I am very excited to bring you my first public publication Hot dust. Following the footsteps of Nick and Ashley, we will be in your box every Tuesday with carry, news, analysis, and japes (quality no longer guaranteed). And, as soon as I ever get to be in a changing landscape, today I will also get to present a whole new look. Hot dust respect for ace design teams Qarka and Vox Media. Readers will notice that we have an updated logo with warmer colors to keep up with Hot dust name.
So, what is my contract? Like everyone else on social media, I wandered around a bit before landing Qarka. I have worked for MSNBC, Paramount Plus, and, for your convenience, covering media and entertainment Forbes. In my previous life as a fraud scammer, I compiled a list of the 2019 highest paid comedians when I started getting Joe Rogan’s advice – “you know, Radio News man ”- was making stupid money on his podcast. Then I stood (and stood, and laid) first journal list of highest paid podcaster. While no one was making Kylie money, it was clear that the business was bigger and grew faster than any of us outside the industry could expect.
Cut to the chase: buying frenzies, nine licensing deals, and bending tech companies tailoring the old DIY podcasting industry to suit their needs. However, after all, things are not complicated – perhaps even more so. For me, that makes a dream come true. I hope to explore the sources of the crisis within the industry: suitable for trying to remove dollars ads from unscrupulous creators, promoters of podcasting to reduce the burden of valuable music royalties, and celebrities who started podcast because a, why not, just Learn that it is more involved than talking on the microphone.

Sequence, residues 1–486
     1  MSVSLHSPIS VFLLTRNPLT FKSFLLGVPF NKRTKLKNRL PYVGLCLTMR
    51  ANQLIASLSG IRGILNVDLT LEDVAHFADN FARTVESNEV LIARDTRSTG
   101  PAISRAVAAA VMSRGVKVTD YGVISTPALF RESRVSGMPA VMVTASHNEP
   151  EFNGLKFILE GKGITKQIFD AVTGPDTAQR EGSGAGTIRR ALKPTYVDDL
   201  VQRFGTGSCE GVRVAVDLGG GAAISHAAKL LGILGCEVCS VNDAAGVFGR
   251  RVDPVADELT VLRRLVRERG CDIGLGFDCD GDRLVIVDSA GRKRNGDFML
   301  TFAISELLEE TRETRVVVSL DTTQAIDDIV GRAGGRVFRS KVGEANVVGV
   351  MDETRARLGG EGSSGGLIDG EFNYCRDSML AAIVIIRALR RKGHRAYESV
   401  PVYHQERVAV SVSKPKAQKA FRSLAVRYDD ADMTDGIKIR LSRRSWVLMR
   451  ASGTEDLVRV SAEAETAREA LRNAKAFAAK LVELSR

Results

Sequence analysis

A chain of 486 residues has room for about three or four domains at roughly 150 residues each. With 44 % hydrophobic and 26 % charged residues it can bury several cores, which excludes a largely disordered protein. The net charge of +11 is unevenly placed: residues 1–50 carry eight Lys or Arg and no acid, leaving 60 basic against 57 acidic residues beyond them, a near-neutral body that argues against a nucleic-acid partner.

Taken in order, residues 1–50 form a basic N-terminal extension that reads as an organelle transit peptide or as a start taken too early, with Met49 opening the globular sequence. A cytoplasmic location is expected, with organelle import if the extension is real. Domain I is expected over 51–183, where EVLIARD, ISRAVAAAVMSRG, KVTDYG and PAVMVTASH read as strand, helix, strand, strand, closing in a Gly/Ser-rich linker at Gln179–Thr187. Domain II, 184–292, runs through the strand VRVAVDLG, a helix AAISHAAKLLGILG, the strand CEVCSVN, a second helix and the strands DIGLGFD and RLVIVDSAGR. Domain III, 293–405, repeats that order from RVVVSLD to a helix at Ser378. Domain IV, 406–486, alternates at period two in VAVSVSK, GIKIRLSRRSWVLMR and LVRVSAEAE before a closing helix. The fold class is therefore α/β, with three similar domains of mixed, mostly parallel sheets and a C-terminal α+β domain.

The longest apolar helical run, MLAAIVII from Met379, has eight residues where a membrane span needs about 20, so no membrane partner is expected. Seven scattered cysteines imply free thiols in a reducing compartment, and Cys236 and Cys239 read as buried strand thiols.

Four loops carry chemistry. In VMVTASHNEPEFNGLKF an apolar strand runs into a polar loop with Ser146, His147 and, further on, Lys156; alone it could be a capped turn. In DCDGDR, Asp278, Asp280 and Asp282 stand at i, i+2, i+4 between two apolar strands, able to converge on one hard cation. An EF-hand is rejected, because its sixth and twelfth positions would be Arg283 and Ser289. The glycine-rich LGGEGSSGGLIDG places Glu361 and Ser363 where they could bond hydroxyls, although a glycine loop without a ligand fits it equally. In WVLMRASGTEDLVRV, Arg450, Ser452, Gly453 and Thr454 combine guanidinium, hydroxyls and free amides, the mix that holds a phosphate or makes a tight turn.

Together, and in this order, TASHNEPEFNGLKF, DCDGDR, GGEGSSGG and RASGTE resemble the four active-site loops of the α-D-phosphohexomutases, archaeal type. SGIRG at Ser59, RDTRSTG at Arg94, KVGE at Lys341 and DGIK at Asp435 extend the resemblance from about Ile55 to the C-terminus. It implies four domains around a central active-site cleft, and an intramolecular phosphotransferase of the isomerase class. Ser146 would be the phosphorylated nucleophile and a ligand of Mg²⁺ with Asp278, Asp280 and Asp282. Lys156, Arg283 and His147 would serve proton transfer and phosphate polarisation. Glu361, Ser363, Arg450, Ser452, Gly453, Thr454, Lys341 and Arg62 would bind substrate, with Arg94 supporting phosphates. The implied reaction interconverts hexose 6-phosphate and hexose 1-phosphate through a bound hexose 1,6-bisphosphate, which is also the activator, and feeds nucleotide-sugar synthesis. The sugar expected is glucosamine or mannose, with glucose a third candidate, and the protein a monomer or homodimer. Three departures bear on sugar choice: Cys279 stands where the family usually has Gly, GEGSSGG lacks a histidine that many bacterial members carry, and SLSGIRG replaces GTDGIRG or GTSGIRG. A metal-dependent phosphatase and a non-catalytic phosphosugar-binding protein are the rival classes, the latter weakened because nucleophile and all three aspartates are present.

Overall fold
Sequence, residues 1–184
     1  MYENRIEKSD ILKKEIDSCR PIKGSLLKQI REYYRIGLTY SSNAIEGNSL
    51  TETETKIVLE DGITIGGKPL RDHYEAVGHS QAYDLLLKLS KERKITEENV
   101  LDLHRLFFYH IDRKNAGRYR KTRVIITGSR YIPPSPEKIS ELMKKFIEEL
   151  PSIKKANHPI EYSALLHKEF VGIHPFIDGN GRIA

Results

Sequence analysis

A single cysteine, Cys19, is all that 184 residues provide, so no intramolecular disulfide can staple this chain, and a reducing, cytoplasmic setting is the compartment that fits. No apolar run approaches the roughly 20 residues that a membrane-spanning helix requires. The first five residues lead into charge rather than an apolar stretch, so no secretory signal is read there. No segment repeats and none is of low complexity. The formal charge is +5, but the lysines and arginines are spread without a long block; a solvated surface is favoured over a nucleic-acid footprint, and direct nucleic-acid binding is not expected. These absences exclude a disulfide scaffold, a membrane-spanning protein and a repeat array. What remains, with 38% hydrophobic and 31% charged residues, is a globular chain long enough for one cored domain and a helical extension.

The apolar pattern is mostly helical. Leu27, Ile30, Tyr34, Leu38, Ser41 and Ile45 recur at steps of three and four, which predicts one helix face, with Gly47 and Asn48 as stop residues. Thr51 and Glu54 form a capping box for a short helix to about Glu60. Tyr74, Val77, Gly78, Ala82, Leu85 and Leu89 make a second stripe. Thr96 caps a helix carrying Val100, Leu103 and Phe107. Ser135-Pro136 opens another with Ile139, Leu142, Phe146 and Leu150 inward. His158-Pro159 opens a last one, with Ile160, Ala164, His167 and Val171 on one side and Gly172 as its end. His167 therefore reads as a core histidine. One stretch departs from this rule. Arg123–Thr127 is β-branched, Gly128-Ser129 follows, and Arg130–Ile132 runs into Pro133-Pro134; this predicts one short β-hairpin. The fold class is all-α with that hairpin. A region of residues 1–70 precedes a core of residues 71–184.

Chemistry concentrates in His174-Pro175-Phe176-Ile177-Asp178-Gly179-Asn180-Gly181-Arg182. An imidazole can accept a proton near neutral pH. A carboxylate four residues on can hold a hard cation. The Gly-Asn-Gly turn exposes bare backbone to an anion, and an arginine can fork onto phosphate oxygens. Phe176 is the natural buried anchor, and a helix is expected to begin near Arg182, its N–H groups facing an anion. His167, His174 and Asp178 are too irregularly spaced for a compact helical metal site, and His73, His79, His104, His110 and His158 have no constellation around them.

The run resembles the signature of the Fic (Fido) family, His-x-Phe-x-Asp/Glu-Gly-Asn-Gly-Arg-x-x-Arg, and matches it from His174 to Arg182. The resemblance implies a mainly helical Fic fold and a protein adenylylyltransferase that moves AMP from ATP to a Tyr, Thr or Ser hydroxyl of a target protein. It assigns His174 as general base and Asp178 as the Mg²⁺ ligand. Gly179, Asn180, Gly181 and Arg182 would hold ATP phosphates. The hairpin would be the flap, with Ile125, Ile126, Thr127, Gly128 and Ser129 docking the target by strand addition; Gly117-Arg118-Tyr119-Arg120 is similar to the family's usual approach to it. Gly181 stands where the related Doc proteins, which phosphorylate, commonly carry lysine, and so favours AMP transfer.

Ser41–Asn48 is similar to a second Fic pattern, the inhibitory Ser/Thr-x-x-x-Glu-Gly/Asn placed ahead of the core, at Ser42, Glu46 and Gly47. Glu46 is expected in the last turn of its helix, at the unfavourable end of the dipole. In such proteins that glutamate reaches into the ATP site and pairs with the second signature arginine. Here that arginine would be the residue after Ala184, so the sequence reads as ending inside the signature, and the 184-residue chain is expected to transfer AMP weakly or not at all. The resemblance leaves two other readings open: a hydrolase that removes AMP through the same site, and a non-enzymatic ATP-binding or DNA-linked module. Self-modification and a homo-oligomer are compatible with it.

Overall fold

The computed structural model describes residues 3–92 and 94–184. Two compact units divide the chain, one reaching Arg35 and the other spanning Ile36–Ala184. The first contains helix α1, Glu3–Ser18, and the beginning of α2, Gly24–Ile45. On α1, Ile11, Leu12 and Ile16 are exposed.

Plus, money. Podcasting is projected to be $ 2 billion next year in the industry, and I want to know where that is going. (Not everyone can go to Rogan.)
I look forward to hearing from you, dear reader! The good stuff always comes from talking to people in the industry, rather than a press release. Such a return makes my work more interesting, and makes this newsletter a better read. Then feel free to call me at [email protected] for tips, articles, and general ideas.
In terms of performances, I don’t play the favorites. Sorry, that’s a lie – I’m Brian Lehrer climbing or dying.
SCOOP: Anchor co-founder Michael Mignano to leave Spotify
Another bites the dust. As I reported yesterday, Spotify’s podcast technology Michael Mignano will leave the company at the end of June, the company has confirmed. He is the general manager of the third-highest podcasting outing over the past month.
In April, Spotify lost two major editorial numbers. She was originally Lydia Polgreen, for a long time New York Times journalist and former editor HuffPostbecame executive director of Gimlet 2020. She announced she would be back Times as the author of the opinion. Then came the announcement that Courtney Holt, Spotify’s head of studio and feature who cut the blockchain deals for Joe Rogan and Obamas that helped streamer true podcasting power when Apple was default, will also leave.
Mignano left a different mark on the company. Following the establishment of the DIY Anchor podcast platform with Nir Zicherman in 2015, Mignano sold the Spotify app for $ 150 million in 2019 and came to lead the technology in podcasts, videos, and everything related to music. Megaphone, a podcast advertising and publishing platform that Spotify bought in 2020, has fallen short of its vision. In 2021, he oversaw the company’s expansion of live audio when he purchased Locker Room last year, which has since been rebranded as Spotify Live.